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A case of extranasopharyngeal angiofibroma of the ethmoid sinus: A distinct clinical entity at an unusual site

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February 18, 2012
by Sandeep Lerra, MS(ENT), Tanvir Nazir, MS(ENT), Nazir Khan, MS(ENT), Mir Sajjad Qadri, MS(ENT), and Nisar H. Dar, MS(ENT)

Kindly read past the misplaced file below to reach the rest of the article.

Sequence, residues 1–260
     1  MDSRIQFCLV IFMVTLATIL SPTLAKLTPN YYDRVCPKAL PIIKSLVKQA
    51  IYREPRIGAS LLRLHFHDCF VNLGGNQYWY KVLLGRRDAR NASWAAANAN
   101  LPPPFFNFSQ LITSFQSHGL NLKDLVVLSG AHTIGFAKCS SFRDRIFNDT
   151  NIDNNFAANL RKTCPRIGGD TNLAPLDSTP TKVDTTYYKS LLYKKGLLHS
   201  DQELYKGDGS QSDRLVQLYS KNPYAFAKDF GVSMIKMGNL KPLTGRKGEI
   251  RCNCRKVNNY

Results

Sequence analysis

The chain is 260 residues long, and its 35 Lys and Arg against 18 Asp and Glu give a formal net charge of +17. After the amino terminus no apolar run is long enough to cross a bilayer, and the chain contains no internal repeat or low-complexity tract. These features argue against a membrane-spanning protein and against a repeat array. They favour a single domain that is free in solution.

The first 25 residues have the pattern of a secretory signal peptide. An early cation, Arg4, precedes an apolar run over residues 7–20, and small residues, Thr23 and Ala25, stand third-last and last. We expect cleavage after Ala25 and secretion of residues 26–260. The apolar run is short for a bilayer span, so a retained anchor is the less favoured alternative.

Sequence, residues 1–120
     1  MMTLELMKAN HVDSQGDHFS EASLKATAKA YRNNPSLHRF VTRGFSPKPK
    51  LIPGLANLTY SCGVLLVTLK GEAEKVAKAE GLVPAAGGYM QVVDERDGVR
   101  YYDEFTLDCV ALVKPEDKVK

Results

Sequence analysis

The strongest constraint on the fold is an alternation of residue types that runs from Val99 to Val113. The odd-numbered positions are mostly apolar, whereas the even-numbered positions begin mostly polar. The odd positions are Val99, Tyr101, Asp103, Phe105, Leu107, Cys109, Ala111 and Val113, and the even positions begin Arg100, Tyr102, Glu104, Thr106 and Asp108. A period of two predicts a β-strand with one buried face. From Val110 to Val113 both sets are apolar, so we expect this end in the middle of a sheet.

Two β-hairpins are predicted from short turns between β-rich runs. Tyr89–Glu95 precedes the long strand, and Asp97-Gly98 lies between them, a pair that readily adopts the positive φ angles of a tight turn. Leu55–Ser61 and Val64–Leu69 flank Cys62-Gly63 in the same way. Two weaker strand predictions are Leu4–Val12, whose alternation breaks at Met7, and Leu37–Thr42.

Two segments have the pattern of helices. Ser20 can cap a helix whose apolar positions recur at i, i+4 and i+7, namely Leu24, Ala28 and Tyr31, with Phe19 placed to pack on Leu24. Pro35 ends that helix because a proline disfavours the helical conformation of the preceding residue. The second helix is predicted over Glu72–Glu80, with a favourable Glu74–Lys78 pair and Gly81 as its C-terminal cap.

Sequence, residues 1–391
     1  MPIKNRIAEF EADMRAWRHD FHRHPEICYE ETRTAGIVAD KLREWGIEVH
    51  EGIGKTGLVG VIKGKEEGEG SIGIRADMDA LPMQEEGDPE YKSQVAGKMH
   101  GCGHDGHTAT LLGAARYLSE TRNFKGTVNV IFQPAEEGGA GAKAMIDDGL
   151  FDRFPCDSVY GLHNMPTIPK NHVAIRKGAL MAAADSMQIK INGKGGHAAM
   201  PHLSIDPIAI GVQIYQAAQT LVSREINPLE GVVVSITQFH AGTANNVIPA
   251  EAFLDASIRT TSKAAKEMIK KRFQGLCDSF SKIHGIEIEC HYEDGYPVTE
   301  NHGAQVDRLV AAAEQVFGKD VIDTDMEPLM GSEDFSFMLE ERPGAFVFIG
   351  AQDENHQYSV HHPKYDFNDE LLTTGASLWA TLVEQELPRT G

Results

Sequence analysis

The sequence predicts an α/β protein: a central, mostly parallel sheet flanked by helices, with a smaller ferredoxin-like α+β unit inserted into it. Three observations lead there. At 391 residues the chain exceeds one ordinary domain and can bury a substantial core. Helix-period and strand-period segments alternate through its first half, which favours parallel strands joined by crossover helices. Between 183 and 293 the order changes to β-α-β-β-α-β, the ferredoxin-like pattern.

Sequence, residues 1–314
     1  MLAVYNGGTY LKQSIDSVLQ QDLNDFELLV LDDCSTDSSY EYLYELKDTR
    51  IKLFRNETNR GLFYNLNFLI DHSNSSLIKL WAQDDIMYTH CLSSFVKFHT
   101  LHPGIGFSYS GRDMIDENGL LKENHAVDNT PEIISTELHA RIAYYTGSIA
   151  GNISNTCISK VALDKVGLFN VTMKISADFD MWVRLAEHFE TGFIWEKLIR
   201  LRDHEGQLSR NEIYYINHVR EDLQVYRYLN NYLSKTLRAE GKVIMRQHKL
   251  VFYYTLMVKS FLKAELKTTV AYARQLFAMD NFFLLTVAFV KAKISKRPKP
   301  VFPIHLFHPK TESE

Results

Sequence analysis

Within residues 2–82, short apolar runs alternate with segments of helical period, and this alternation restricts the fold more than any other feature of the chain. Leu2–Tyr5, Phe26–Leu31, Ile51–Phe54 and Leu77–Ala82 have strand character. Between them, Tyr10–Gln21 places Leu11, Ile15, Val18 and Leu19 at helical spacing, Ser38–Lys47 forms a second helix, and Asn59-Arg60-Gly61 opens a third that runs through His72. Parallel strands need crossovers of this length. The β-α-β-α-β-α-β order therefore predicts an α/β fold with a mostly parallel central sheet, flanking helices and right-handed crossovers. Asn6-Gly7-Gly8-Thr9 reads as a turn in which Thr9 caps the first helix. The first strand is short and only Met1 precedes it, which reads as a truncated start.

Angiofibromas of the head and neck usually arise from the nasopharynx in adolescent boys. The term extranasopharyngeal angiofibroma (ENA) has been applied to vascular fibrous nodules that arise outside the nasopharynx. Because the clinical characteristics of ENA are not consistent with those of juvenile nasopharyngeal angiofibroma (JNA), diagnosis of the former can be challenging. Biopsy is ill advised in a patient with an ENA because it might result in brisk bleeding. A high index of suspicion and a methodical evaluation are essential in establishing the proper diagnosis and treatment. We report the rare case of a 16-year-old girl who presented with a pinkish lobulated mass in her left nostril that had arisen from the anterior ethmoid sinus. The mass was removed via a lateral rhinotomy approach. Postoperative histopathologic analysis identified it as an angiofibroma. To best of our knowledge, only 9 cases of ENA arising from the ethmoid sinus have been previously reported in the English-language literature.

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